From capitalism to communism, explained

Everything, from your clothes to your phone to the train you last caught, has gone through what economists call ‘the means of production’.

This is the way a commercial good or service is created and sold, all the way from its raw materials to how it arrives in your hands… or to your platform.

Most of these things (also referred to as capital) can only be created as a result of collective effort. No individual can reliably ensure everyone in a country of twenty-five million has a safe way to dispose of their waste or a place to go to when they’re sick. One person can’t even meet the most basic requirement of that population and ensure sure everyone is fed.

Of course, these things cost money to maintain. Whenever cost is involved, people want to know who pays. This is where it gets hairy. If one person owns ‘the means of production’, they have to pay for everything – and keep any and all profit made. If everyone involved owns ‘the means of production’ collectively, they share the cost – and any profit.

This is where the branches of different economic systems begin.


Capitalism is an economic systemwhere the ‘means of production’ and resulting capital are owned by private individuals and businesses. It is based on voluntary relationships of supply and demand instead of centralised (usually government) planning.

This system is rooted in classical liberal philosophy and its conception of the rational, freethinking, autonomous individual. It claims market competition forces people to act in a way that benefits others, regardless of their intention.


Socialism is an economic system borne out of opposition to capitalism where the ‘means of production’ are collectively owned and shared. It prioritises production for use rather than profit and achieves this through centralised planning – like a government.

The value of whatever is produced is determined by the amount of time and labour required, not market supply and demand. Socialism claims sharing resources and work according to need, rather than competition, creates a more equitable and secure society.


Communism is a utopian political economic system where a society is reorganised without hierarchy, states, money or class. The ‘means of production’ are shared communally and private property is non-existent or severely restricted. Karl Marx and Friedrich Engels published the seminal political pamphlet on this, A Communist Manifesto in 1848.

Communism’s modern adherents claim it has not happened yet, while its critics cite Maoist China, Stalin’s Soviet Union, the Cold War, and many other historical crises to signal its danger.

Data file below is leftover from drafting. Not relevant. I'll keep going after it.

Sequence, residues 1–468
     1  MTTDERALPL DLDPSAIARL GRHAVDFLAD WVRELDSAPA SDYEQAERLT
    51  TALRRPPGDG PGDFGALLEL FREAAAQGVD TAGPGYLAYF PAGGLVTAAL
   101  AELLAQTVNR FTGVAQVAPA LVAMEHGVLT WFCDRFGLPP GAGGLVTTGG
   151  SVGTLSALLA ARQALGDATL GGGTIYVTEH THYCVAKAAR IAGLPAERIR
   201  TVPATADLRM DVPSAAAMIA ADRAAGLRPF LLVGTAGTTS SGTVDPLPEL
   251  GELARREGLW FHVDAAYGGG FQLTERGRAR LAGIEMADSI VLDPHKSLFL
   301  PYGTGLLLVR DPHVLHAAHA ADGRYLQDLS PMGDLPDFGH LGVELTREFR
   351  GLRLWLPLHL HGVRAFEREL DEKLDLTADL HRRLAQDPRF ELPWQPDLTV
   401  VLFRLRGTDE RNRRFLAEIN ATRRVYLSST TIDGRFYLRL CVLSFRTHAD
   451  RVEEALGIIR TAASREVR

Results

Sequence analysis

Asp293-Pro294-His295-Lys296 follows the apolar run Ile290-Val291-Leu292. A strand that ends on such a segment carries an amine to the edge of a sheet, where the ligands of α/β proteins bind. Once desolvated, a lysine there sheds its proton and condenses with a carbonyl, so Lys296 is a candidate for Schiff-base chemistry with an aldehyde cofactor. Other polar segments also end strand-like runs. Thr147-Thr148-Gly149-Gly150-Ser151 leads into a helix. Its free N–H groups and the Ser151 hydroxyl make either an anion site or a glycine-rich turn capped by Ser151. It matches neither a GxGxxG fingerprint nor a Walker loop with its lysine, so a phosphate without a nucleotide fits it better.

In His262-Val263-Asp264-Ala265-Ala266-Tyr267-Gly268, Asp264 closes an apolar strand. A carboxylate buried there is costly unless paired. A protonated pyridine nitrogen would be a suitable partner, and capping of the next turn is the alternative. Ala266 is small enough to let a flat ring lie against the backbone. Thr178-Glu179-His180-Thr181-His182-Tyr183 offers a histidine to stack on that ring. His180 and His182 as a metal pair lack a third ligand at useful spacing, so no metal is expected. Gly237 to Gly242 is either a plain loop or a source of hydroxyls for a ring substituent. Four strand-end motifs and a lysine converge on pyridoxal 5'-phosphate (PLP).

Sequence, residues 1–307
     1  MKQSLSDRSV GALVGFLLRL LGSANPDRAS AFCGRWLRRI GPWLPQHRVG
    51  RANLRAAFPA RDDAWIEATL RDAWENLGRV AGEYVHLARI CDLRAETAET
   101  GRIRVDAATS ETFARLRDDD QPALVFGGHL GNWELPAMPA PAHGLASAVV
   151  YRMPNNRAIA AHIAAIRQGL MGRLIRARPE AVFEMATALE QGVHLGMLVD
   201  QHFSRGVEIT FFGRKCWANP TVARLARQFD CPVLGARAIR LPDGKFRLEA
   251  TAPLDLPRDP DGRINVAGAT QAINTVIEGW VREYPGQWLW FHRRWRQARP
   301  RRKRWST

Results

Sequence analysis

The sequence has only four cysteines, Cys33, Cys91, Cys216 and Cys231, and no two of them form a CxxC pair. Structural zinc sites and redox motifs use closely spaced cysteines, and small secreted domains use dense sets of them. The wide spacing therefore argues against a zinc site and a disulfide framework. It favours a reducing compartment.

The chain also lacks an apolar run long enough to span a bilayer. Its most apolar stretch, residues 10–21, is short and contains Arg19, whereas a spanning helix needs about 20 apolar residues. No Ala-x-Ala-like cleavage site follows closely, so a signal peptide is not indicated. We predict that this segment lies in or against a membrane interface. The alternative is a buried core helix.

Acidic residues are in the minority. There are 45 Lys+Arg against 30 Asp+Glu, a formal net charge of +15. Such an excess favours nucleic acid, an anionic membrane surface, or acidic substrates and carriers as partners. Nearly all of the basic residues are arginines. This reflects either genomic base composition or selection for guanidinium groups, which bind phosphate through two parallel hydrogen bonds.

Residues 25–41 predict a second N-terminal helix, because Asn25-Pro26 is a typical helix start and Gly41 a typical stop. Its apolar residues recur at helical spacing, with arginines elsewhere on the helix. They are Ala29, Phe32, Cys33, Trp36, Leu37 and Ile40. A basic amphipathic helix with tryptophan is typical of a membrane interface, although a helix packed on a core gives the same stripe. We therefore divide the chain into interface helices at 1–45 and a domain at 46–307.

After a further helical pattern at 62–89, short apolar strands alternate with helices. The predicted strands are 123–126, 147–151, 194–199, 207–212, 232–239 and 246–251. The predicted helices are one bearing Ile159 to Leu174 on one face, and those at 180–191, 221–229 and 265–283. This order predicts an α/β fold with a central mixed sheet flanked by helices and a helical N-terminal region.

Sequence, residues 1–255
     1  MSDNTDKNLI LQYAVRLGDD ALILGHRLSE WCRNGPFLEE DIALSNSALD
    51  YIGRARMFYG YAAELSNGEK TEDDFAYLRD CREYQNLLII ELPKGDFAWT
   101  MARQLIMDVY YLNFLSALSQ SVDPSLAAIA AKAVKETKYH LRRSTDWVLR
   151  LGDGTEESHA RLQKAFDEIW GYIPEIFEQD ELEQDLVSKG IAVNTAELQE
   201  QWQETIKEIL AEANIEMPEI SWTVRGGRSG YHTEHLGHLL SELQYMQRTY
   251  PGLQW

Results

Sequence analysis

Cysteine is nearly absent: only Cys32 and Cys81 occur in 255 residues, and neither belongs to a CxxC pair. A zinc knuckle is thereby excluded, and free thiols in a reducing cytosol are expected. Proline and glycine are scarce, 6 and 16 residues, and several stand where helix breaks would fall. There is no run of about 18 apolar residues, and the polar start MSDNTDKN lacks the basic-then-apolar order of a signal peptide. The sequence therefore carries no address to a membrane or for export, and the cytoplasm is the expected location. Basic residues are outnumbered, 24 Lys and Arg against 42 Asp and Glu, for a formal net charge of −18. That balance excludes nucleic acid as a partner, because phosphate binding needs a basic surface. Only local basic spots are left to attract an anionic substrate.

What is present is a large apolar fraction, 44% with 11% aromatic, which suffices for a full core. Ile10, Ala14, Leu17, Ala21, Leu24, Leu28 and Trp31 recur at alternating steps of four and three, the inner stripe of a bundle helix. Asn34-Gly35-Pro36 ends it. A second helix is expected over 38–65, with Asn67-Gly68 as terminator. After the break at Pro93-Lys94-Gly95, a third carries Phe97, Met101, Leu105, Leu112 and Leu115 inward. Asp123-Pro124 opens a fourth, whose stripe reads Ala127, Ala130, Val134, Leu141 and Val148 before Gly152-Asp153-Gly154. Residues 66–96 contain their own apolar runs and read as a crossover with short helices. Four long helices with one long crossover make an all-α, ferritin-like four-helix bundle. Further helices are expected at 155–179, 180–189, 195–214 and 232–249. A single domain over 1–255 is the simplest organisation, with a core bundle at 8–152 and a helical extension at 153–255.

Fascism is an economic system based on self-sufficiency of the state, ethnic purity, and one-party ownership over the means of production. There’s usually a dictatorial leader and little to no tolerance of political opposition. Fascism claims the strength of a nation comes from unity and unity depends on fixed identities.

Though commonly associated with Nazi Germany, many other countries have been considered fascist at some point too, such as Brazil, Iraq and Japan.


Laissez-faire translates to ‘leave alone’ or ‘let them do’. Laissez-faire is an economic system that leaves transactions and trade free from government regulation, subsidies, tariffs, and privileges. It claims the economy is a natural system and the market is an organic part of it. Government interference hinders something nature can mediate.

Which economic-political system is best?

When discussing what economic system we prefer, it’s important to know what we’re talking about. The economies of most modern countries today are rarely pure capitalism or pure socialism. Most have a mixed capitalist system where private individuals or businesses make profit off labour, while operating within government regulations.

At the bare bones of economic theory, you find philosophy. Questions like ‘What is the purpose of government?’, ‘What is a human right?’, ‘What can we expect from our relationships?’, or ‘What does equality and justice look like?’ inform the different perspectives that manifest into policy.

Which one would you stand for?

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